Article

Revisiting wind-down plans is essential for P2P platforms

Chris Laverty Chris Laverty

Peer-2-peer (P2P) platforms should take time to revist their wind-down plans, as platforms seek to readjust their businesses to offset the risk presented by COVID-19. 

Partial wind-downs

Wind-down plans are due to come into focus in the P2P sector as more platforms realise the value of adjusting their wind-down plans. Firms may need to update existing plans to accommodate suspension or restrictions in lending. This could include plans for a partial wind-down should part of the platform’s lending be assessed as non-core or under-performing.

A partial wind-down happens because of a change in focus for the platform. There are a lot of platforms who have initially developed based on a certain product, for example a property based portfolio, which could have performed well for the first part of its lifetime. Market events, like COVID-19 can potentially change that. Or management could feel that a concentration of borrowing within the market is leading to reduced margins, and therefore a strategic decision is made to restrict lending or run that particular portfolio off.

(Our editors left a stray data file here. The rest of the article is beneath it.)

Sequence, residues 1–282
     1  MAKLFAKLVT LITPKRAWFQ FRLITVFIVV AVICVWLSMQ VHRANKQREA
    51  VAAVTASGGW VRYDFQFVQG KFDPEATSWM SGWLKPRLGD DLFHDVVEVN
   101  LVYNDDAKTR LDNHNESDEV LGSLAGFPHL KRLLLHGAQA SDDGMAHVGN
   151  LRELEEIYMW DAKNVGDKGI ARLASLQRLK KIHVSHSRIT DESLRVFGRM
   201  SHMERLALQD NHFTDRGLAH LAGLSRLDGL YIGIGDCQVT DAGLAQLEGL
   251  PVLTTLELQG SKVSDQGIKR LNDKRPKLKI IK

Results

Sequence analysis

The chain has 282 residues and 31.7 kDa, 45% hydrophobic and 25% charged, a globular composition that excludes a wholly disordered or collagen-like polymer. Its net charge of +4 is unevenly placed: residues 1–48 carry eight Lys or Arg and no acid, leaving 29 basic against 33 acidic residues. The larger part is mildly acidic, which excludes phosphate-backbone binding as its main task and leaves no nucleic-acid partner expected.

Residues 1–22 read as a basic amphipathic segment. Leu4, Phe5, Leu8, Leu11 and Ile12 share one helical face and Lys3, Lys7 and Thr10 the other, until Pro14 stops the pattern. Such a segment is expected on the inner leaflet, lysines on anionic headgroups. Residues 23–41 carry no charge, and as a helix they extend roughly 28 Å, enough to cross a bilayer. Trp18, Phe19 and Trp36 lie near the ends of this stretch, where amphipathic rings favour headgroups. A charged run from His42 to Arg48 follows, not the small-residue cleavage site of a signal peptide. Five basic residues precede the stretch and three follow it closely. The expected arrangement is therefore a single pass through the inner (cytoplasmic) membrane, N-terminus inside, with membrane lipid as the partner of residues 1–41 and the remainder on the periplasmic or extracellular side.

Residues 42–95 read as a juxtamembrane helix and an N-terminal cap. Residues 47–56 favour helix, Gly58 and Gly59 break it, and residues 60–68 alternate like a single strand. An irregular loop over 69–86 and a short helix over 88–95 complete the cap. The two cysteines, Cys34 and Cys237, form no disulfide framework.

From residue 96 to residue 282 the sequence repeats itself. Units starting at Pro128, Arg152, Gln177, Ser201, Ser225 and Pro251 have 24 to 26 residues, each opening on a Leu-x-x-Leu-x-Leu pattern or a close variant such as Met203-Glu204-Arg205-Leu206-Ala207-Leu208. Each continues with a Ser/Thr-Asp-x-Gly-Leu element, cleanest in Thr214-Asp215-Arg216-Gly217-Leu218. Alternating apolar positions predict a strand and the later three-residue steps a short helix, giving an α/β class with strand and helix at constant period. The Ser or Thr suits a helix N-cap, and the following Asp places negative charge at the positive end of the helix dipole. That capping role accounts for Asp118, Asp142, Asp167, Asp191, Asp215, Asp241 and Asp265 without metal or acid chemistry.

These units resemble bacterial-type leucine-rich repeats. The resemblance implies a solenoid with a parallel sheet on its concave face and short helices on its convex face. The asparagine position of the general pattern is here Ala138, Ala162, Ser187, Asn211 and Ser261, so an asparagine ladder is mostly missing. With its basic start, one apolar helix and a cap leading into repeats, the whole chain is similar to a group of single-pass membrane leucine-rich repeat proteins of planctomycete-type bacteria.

The business then needs to decide how to economically run off the first product, particularly if there is shared resource for the rest of the platform. P2P platforms also need to consider how any under-performance impacts their existing wind-down plans that have been submitted to the Financial Conduct Authority.

Importance of revisiting wind-down plans

The economy has completely changed in the space of just a few months and our financial services restructuring team has already spoken with several platforms about adjusting their wind-down plans to reflect the current economic climate. Businesses need to make sure that while they are weathering this storm, they have got the right preparation and plans in place.

The FCA is very focused on consumer protection and ensuring that those plans have been appropriately adapted for any updated operating model, including how the company can continue to service its customers even in an insolvency event. 

P2P firms should act now to revisit their wind-down plans and put future safeguards in place. A forward-thinking and risk-averse approach is worth the investment. Doing things ahead of time in almost anything is worthwhile, as a business can then control the process. Once a P2P firm is in a distressed state, events are no longer in the company's control.

For more information, contact Chris Laverty, Head of Financial Services Restructuring.

A longer version of this article first appeared in P2P Finance News magazine.

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